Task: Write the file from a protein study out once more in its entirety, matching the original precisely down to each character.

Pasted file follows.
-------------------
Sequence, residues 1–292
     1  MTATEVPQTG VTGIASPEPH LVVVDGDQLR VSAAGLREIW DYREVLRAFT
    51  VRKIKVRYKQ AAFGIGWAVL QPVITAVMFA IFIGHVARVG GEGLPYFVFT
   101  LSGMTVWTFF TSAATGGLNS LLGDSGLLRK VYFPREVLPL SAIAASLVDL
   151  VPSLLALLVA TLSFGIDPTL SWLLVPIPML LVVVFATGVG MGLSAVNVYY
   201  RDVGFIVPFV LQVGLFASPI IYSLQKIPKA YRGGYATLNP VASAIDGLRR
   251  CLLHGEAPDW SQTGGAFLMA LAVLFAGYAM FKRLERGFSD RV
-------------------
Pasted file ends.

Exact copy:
Sequence, residues 1–292
     1  MTATEVPQTG VTGIASPEPH LVVVDGDQLR VSAAGLREIW DYREVLRAFT
    51  VRKIKVRYKQ AAFGIGWAVL QPVITAVMFA IFIGHVARVG GEGLPYFVFT
   101  LSGMTVWTFF TSAATGGLNS LLGDSGLLRK VYFPREVLPL SAIAASLVDL
   151  VPSLLALLVA TLSFGIDPTL SWLLVPIPML LVVVFATGVG MGLSAVNVYY
   201  RDVGFIVPFV LQVGLFASPI IYSLQKIPKA YRGGYATLNP VASAIDGLRR
   251  CLLHGEAPDW SQTGGAFLMA LAVLFAGYAM FKRLERGFSD RV